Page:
SHAME ON Donald Sterling, yes. His shame is the sort that never will wash clean.
But shame on CNN, too, for letting him hang himself again with his own rope.
And shame on us, too, for watching.
In the wake of his recent comments that laid bare his bigotry, Sterling this weekend sat down with this public confessor, Anderson Cooper, and vainly tried to punish himself, in the hopes of . . . what?
Convincing other NBA owners to lift the lifetime ban and not force him to sell his Clippers?
Saving some face for his estranged wife, who wants to remain part of part of the ownership group?
Achieving a measure of absolution before he bids a final farewell, if, in fact, reports of his ill health are true?
Sadly, Sterling lacks the tools to affect any sort of sympathy; not from his peers; not from his kin; not even, truth be told, from the cosmic scorekeeper.
Last night only cemented his image as a cringing bigot, entitled and inhuman; the sort of man who considers most of the rest of the species beneath his regard.
In his ill-advised attempt at self-defense, Sterling managed to insult blacks, the elderly, people with HIV/AIDS, Magic Johnson in particular, and, very likely, people of the Jewish faith who don't appreciate perpetuation of stereotypes.
His only chance at redemption was an admission of guilt, and a willingness to remove himself from public view.
He cannot leave the spotlight.
We cannot stop watching.
"I can't explain some of the . . . stupid things I said," Sterling said.
Well, that was the point of his appearance on CNN, if there was a point; that is, a point beyond witnessing more sickeningly seamy television.
Most of the attention from Sterlings ramblings at Cooper will be given to Sterling's misdirected condemnation of Magic Johnson, but that's the easy story.
The worst of what he said concerned how Jews take care of other Jews, while blacks do not.
"Jews, when they get successful, they will help their people," said Sterling, who is Jewish. "Some of the African-Americans - maybe I'll get in trouble again - they don't want to help anybody."
That, of course, is a blatantly racist statement.
Then again, Sterling's racism is old news.
Sterling has been accused of racism and bigotry for years, in and out of court. NBA legend and former Clippers general manager Elgin Baylor told Cooper (who else?) last week that Sterling routinely used racist comments in his presence and described Sterling as having a "plantation mentality." Former Clippers star Marques Johnson tells stories of Sterling's obsession with objectifying his players, and blamed Sterling's actions and attitudes for helping him swim deeper into substance abuse in the mid-'80s.
Sterling professed to Cooper an inability to understand the phrase "Plantation mentality."
He also said to Cooper, "I think you're more of a racist than I am."
He scurries behind another insulting defense: that old people are "foolish." He's 80, he said, so, of course, he was easily duped into believing that his arm candy, 31-year-old V. Stiviano, cared for him. She is the woman he is speaking with in the recording that got Sterling banned for life.
In the recording, Sterling told Stiviano that she was free to have sex with black men, as long as she did not photograph herself interacting with them, as she did with Magic. It's hard to characterize that sort of relationship as anything more romantic than, well . . . a business arrangement.
Right now, business is bad.
The person most victimized by Sterling's comments was, of course, Magic.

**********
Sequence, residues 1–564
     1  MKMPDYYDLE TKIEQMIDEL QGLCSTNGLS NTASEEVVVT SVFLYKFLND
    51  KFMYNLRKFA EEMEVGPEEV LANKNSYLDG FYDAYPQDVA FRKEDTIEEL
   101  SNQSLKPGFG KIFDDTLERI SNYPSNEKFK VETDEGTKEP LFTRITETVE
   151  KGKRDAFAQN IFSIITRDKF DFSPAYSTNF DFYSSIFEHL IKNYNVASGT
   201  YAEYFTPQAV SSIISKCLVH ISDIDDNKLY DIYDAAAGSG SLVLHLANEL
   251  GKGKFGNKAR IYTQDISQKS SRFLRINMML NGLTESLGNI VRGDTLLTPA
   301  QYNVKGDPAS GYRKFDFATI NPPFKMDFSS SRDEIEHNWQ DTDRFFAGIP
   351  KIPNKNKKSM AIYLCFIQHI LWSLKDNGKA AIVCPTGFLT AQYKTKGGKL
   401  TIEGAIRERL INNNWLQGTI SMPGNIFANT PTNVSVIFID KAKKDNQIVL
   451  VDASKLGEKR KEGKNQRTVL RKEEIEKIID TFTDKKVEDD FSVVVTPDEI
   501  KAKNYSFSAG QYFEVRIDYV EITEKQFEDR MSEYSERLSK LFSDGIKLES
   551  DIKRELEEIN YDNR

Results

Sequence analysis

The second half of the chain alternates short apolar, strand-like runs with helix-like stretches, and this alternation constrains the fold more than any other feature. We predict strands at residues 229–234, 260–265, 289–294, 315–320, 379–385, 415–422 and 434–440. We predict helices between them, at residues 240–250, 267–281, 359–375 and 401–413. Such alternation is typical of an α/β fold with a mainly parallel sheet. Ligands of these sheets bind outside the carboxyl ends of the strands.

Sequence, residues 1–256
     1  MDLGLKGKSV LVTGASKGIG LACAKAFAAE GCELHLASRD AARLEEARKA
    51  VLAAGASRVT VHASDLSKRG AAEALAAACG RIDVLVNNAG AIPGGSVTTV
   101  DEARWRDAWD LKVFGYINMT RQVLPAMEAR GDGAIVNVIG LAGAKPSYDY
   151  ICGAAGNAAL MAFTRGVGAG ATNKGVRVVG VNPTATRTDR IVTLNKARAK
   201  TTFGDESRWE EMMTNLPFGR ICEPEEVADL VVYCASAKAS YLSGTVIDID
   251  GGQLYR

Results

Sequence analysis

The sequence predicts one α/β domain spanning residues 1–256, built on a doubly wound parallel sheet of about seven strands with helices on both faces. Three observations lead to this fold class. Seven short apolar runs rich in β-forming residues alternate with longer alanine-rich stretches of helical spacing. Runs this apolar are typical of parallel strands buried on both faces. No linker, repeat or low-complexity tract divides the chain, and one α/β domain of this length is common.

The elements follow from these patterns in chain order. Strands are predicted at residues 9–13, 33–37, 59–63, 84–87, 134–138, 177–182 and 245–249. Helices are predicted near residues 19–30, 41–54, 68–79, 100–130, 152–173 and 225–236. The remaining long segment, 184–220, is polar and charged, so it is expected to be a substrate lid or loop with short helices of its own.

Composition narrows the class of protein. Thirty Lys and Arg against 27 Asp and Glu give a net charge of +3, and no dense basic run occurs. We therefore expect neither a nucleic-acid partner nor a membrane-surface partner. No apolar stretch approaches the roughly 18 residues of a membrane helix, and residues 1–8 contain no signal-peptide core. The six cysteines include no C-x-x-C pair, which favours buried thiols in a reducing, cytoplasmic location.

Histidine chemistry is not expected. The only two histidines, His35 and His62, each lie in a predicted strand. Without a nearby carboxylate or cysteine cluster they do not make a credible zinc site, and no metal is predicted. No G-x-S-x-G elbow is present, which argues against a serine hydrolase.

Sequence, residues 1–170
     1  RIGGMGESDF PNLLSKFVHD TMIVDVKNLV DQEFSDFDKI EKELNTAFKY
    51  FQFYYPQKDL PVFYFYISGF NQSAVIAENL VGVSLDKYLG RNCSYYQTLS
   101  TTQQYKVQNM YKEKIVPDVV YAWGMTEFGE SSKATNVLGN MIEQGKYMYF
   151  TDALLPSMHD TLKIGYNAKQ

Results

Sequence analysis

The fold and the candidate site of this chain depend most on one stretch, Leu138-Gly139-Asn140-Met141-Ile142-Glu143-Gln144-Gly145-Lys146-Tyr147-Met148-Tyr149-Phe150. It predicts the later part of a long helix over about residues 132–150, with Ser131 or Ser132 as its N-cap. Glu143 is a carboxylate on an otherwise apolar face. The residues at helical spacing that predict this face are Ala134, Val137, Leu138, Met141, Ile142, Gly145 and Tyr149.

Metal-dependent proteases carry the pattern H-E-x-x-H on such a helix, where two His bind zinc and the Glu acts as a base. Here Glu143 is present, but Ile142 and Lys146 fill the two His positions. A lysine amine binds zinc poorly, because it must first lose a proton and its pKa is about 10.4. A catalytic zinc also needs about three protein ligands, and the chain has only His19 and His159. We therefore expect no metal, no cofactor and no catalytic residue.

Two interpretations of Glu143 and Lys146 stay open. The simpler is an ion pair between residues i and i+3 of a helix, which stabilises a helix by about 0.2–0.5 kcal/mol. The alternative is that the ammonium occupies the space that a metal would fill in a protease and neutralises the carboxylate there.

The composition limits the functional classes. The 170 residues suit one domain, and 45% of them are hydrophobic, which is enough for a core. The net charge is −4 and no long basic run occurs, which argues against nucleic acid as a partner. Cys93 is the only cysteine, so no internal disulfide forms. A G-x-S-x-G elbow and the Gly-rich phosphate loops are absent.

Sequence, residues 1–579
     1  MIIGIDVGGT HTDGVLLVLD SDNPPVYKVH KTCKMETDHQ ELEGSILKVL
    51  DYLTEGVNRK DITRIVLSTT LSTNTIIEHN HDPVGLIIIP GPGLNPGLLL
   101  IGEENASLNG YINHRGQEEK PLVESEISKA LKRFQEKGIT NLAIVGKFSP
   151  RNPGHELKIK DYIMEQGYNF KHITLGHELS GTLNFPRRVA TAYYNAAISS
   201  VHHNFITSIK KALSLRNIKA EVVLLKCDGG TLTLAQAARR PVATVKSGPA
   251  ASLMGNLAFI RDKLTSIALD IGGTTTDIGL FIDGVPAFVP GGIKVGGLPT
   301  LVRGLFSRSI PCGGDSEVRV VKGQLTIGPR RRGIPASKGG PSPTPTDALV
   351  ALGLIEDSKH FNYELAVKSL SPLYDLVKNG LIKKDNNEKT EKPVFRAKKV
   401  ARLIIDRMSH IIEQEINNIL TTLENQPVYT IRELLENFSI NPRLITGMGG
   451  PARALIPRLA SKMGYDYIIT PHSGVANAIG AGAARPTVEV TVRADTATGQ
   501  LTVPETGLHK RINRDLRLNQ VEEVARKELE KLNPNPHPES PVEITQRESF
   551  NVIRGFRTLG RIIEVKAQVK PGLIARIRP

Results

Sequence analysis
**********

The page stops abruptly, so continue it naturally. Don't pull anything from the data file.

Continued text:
Ironically, Johnson provided a template for public forgiveness, one that Sterling has chosen to ignore.
After Magic discovered he was HIV-positive, he admitted his infidelities. He became the face that humanized the pursuit of a cure for HIV/AIDS, and he spearheaded prevention efforts. Johnson also is a pioneer and a champion of inner-city business growth.
Johnson is bulletproof.
Sterling fired, anyway.
First, without context, Sterling claimed that Johnson offered to help counsel him through the fallout of the scandal surrounding the recording.
Then, he mocked Magic, derided him as a former womanizer, and implied that anyone with HIV/AIDS could not be considered a person of merit.
"Has he done everything he can do to help minorities? I don't think so . . . What does he do for black people? He does nothing," Sterling told Cooper. "I don't think he's a good example for the children of Los Angeles."
The Magic Johnson Foundation gave away more than $1 million in grants and scholarships in 2011 and 2112 alone.
By the way, guess whom Anderson Cooper will interview tomorrow night?
You got it.
Here's hoping that one is less painful, because we'll be watching that one, too.
Perhaps Magic will be gracious. Perhaps he will show mercy to Donald Sterling.
Let's hope not.
Sterling is beyond pathetic. He is monstrous, irredeemable.
He insists his players still "love" him, even after they refused to show the team logo during warmups before a playoff game.
He insisted that NBA and public sympathy lies with him; that "the media" have spun this issue into the beast it has become.
Please, do not consider him delusional. He is simply devious.
Sports has not suffered a setback like this since skinflint Reds owner Marge Schott, the anti-Semitic Nazi sympathizer who routinely tossed around the "N-word" in reference to her own employees and who had little patience for the sensibilities of Asians and Asian-Americans. In a much less politically correct era, she was twice suspended and was facing a third ban before she agreed to sell.
Perhaps the NBA learned from the typical glacial response from Major League Baseball:
Immediate eradication of a disease always beats trying to live with it.
There is no cure for what Sterling is. He proved that last night.
Hopefully, we are not incurable, too.